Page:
Hospice’s Scholl Academic Centre is helping to support the Island during the COVID-19 situation

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Hospice Isle of Man announced on Monday, its plans to support the Island through these challenging and exceptional times. It is working closely with colleagues at the DHSC and in partnership with other third sector and community networks to ensure its important role in continuing to provide care to the Island for anyone living with a life-limiting or terminal condition and to play its part in helping to manage the coronavirus pandemic on the Isle of Man.

 

The Isle of Man Hospice’s Scholl Academic Centre will support the Island in a number of different ways and has already refocused how it continues to best help patients who have regular support needs, and to help protect patients and staff from the spread of infection.

 

It will:

  • Refocus its clinical psychologists, bereavement counsellors and children’s psychotherapists to provide patient support via tele-health and remote management.
  • Through the Centre’s Dr Hollie Quaye, implement plans to support staff and relatives.
  • Involve the Centre’s Dr Giovanna Cruz, an experienced epidemiologist, in working with the Isle of Man Government on clinical modelling for the impact of the virus.
  • Give daily virtual support via ZOOM to nursing and residential care settings.
  • Implement four hubs across the Island to enable flexible and local community response to End of Life care needs.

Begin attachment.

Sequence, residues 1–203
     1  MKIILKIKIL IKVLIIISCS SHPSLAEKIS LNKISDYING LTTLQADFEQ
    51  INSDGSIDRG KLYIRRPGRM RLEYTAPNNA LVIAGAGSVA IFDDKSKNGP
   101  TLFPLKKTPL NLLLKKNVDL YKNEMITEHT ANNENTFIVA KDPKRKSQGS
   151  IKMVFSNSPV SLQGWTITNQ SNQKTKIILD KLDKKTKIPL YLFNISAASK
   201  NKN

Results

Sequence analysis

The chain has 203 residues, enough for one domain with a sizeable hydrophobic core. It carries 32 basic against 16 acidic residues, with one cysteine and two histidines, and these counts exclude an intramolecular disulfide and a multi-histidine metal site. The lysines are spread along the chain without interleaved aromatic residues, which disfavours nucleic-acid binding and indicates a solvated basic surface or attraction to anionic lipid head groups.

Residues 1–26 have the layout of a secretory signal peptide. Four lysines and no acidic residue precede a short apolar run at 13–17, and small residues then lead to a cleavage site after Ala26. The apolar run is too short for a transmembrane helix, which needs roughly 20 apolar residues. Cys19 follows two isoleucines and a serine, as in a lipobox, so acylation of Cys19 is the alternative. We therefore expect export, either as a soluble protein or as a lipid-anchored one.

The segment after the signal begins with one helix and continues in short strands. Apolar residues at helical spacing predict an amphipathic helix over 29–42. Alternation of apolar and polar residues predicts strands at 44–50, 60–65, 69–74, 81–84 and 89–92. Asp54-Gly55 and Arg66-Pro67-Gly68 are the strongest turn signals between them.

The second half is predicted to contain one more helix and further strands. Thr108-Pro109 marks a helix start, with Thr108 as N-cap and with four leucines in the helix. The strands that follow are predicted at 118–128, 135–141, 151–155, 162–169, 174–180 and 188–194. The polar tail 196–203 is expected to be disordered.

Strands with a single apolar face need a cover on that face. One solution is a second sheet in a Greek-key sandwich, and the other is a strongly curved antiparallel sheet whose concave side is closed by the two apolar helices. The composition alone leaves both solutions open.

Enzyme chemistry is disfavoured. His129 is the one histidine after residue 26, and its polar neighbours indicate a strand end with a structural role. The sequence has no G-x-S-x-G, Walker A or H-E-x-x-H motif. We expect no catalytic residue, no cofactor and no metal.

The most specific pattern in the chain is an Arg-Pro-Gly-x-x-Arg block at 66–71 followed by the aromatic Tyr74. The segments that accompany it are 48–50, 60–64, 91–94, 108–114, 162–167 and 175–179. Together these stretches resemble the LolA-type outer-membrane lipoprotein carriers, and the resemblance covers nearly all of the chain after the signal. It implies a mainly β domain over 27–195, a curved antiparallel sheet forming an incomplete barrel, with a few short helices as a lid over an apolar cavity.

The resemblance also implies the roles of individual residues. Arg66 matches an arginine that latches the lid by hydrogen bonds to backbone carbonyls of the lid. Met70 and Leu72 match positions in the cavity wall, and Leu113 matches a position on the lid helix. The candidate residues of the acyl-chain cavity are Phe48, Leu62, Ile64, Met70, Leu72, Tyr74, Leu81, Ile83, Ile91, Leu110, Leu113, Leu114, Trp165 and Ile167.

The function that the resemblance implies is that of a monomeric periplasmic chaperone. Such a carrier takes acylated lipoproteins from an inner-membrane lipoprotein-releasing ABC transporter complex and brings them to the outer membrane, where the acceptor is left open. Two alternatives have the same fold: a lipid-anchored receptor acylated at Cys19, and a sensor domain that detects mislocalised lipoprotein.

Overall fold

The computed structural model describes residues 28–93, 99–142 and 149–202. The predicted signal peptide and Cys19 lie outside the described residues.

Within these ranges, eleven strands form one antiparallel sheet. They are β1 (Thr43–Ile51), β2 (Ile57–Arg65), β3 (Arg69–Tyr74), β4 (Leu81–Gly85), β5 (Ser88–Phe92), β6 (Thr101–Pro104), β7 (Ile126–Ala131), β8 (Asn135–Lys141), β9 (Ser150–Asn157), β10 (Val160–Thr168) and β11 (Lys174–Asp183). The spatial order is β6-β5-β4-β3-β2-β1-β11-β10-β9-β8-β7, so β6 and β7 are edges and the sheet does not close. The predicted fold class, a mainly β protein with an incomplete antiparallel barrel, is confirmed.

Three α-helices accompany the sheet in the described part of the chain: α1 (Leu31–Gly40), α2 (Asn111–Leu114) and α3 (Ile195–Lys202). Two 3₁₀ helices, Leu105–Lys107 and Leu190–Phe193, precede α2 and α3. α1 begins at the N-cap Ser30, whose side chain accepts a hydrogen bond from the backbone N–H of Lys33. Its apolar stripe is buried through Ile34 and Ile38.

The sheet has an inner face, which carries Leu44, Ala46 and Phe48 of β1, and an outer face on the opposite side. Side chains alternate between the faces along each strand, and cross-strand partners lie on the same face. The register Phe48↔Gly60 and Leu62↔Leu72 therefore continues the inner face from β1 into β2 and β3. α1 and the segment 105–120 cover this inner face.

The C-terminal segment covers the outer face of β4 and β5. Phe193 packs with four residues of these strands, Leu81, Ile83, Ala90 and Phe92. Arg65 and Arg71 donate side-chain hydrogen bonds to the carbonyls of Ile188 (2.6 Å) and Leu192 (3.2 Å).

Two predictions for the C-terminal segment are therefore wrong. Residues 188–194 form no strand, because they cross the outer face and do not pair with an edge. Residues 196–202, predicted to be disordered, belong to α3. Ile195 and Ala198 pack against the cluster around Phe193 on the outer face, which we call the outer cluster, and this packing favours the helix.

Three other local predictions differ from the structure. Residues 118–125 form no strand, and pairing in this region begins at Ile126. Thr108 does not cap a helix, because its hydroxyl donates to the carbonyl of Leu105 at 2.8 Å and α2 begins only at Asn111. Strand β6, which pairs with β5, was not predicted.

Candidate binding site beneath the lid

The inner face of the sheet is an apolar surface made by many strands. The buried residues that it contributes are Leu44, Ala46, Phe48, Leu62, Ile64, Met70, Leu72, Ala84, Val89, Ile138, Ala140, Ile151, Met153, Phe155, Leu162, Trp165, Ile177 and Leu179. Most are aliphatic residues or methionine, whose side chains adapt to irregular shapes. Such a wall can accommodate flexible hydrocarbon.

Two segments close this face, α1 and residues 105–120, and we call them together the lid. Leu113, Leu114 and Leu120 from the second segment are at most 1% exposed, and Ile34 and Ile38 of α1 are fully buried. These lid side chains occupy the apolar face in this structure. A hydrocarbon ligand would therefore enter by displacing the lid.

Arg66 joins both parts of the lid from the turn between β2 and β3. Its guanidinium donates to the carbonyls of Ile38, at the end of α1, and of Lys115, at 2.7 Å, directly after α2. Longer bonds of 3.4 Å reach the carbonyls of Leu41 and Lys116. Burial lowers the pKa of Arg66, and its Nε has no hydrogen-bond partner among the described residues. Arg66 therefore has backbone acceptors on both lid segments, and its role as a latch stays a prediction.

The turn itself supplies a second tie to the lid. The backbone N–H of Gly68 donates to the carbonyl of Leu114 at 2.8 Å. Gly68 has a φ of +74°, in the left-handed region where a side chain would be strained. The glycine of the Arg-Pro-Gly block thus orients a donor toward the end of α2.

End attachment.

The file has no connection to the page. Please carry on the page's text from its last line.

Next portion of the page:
The UK government has also announced it is funding six new studies into the COVID-19 virus, including testing a vaccine, developing therapies and improving understanding of how to treat the virus. Hospice’s Scholl Academic Centre Chairman Ken Mills, who is also Professor of Experimental Haematology at The Patrick G Johnston Centre for Cancer Research at Queen’s University Belfast, is one of six eminent global scientists collaborating on the UK Government’s study.

 

From his home on the Isle of Man Professor Mills said:

 

“This project arose from an innovative partnership using drug screening methodology used for leukaemia research combined with novel virology expertise and models. The integration of these two approaches will provide unique new leads to combat the disease.”

 

Anne Mills, Chief Executive at Hospice Isle of Man and Director of the Scholl Academic Centre, added:

 

“Research is an integral part of the work of Hospice Isle of Man and I am delighted that Professor Mills and colleagues have the opportunity of working in the fight against COVID-19. The Scholl Academic Centre recently announced the appointment of Professor John Ellershaw of the Palliative Care Institute in Liverpool as visiting Professor of Palliative Care. I am pleased our Scholl Academic Centre colleagues are able to play a role in these unprecedented and challenging times.”

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